WolfBoot secure boot and remote updates (Daniele Lacamera)[FOSDEM 2020]

Firmware upgrades pose a challenge in the age of IoT. Security and reliability are 2 things that need to be carefully considered when implementing remote upgrade.

[Lacamera] works for WolfSSL. He’s presenting WolfBoot, a secure bootloader for embedded systems. It makes heavy use of the core product of WolfSSL, their cryptographic library for IoT systems. It is available under GPLv2 with an option to buy a proprietary license.

Security in IoT has been problematic. The security of the least secure component determines the security of a system. Shipping a secure system means being able to fix known vulnerabilities and reducing the attach surface. A precondition for this is that vulnerabilities can be fixes after the device is deployed into the field. This comes with the trade-off that you increase the attack surface of the device.

To improve the security of IoT systems the IETF started a working group which is working on an architecture for the secure upgrade of IoT systems called SUIT. The components it describe are a minimalist bootloader combined with an application that takes on the responsibility of handling the firmware transfer. This removes the need to maintain 2 network stacks. Firmware should be signed using a public-private key algorithm. The application should evaluate and install the image. Lastly the system needs a fall-back mechanism in case the upgrade fails.

WolfBoot provides this. It is designed for 32-bit microcontrollers. Update is secured using DSA/ECDSA. Integrity check with SHA2-256/SHA3. It is powerfail safe. It has a small footprint and it is safe (i.e. it doesn’t do dynamic allocation).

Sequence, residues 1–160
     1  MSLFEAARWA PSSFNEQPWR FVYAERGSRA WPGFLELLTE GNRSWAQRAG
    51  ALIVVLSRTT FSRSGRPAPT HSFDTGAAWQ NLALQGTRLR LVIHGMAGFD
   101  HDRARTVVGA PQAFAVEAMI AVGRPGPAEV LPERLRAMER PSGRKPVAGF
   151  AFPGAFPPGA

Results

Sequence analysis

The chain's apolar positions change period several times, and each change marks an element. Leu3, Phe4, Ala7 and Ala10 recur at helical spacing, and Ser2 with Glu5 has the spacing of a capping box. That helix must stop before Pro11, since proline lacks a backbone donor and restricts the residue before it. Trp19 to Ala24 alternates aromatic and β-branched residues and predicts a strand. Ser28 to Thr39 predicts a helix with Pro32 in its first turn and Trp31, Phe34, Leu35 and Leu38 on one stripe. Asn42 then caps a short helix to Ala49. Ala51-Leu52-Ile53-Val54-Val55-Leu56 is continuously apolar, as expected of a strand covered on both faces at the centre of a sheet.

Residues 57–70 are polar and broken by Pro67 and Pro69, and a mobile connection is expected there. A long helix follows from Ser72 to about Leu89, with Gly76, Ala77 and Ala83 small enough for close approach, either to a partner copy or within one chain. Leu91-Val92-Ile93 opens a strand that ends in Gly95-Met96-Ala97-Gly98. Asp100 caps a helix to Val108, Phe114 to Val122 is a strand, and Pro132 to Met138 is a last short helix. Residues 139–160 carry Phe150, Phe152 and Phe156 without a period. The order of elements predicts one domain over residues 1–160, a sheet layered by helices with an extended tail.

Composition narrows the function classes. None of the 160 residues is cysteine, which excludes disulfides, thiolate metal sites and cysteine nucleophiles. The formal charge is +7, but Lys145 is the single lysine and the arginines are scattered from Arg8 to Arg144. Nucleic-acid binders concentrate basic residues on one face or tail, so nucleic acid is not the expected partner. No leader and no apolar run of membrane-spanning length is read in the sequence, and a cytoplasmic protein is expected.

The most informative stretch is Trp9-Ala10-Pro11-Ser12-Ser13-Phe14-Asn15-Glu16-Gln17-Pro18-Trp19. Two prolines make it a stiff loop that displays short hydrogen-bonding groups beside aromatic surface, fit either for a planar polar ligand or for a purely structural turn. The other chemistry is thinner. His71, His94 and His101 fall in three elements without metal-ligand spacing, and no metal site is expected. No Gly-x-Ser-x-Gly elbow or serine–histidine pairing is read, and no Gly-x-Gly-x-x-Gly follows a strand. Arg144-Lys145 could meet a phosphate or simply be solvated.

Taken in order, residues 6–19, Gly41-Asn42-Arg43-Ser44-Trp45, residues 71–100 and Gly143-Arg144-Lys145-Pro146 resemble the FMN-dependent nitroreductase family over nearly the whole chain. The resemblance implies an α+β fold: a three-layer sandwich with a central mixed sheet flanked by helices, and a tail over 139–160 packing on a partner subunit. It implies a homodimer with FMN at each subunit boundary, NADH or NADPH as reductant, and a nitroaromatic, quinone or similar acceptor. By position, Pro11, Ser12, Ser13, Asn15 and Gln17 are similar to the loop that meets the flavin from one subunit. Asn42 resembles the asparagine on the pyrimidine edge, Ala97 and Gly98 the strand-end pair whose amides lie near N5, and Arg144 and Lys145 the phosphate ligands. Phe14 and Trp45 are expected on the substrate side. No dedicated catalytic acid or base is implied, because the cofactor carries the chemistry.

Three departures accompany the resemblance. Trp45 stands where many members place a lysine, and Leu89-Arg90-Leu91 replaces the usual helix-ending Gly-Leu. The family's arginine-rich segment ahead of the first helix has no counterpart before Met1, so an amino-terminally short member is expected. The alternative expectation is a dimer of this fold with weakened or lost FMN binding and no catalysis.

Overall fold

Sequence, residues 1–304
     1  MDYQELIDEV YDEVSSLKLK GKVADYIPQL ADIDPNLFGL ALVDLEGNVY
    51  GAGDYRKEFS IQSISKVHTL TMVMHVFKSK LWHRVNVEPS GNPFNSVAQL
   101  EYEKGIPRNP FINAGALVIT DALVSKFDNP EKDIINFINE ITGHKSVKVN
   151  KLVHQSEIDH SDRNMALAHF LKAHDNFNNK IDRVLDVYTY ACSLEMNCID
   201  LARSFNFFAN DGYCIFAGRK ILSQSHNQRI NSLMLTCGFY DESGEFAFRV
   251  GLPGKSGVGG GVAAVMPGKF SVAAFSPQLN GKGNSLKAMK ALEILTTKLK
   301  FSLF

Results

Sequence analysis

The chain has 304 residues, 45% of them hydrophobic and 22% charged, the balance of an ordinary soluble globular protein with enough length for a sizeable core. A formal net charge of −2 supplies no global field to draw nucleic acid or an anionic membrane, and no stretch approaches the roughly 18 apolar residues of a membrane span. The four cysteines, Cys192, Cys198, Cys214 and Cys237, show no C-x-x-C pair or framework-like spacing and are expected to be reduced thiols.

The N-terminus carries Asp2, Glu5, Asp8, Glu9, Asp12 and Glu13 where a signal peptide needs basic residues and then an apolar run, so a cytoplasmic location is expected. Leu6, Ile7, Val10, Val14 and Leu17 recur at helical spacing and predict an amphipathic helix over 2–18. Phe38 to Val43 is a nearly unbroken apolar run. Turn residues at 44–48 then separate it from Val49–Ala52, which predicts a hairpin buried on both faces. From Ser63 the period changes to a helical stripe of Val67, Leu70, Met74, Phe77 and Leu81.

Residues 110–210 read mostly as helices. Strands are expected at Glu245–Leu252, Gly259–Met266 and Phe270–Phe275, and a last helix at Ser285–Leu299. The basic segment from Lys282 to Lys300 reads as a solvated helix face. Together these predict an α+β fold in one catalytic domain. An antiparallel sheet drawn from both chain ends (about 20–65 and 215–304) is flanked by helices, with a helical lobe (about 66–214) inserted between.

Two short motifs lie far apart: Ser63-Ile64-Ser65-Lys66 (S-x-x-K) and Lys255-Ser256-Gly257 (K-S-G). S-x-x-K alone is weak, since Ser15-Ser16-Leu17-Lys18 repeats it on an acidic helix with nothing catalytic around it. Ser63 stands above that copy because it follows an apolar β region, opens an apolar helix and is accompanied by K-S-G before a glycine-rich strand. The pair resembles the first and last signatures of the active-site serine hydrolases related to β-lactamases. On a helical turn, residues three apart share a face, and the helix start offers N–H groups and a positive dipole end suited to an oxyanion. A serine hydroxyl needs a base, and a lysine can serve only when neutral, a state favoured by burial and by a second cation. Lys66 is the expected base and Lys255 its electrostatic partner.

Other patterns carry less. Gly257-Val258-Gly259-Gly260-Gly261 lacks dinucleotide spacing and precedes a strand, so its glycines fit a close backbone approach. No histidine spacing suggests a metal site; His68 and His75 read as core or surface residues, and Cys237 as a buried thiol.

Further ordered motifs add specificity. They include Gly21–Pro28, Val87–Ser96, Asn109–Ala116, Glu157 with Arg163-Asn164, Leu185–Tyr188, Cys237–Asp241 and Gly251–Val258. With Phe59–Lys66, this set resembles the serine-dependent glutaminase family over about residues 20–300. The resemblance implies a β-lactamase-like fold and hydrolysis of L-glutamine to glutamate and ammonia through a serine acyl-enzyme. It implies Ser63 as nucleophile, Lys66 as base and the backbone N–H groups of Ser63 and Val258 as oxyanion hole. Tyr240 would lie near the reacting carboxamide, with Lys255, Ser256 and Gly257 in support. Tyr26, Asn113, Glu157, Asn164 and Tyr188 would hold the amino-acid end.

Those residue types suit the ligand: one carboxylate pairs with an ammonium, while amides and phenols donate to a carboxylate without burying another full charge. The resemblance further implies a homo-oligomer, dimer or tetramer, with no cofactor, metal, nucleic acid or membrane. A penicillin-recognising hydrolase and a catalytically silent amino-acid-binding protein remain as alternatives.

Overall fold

The implementation uses 4 partitions, with an active and a standby partition + bootloader + swap. Currently they support Cortex-M and RISCV32 processors. Support for ARMv8 64-bit is coming soon. There are a lot of targets supported. According to [Lacamera] adding support for a new target only involves modifying 6 functions and should not be hard.

Some companies provide upgrade-as-a-service. This is not the model for WolfBoot, you own the keys. Part of the project are a set of Python tools to generate and handle the keys. To limit the attack surface the firmware upgrade mechanism only allows version upgrades, to prevent downgrade attacks.

Often the flash is not big enough to have 2 copies of the application. WolfBoot bootloader supports external memory and execute from RAM. The bootloader can also self-update in place. A recent feature that was added is support for STM32F7 bank switching.

WolfCrypt supports Crypto hardware acceleration if the platform provides it and TPM support is provided through WolfTPM, which alleviates the need for WolfCrypt in the bootloader, reducing the binary size.

A secure system with WolfBoot would be flashed through JTAG in the factory, after which the JTAG would be disabled and all other firmware upgrades would be handled through WolfBoot. This way the system becomes self-sufficient.